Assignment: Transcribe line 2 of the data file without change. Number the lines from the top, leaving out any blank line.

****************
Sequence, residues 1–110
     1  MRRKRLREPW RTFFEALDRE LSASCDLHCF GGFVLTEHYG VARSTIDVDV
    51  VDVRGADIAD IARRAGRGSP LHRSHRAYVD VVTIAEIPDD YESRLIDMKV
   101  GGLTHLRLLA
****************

     1  MRRKRLREPW RTFFEALDRE LSASCDLHCF GGFVLTEHYG VARSTIDVDV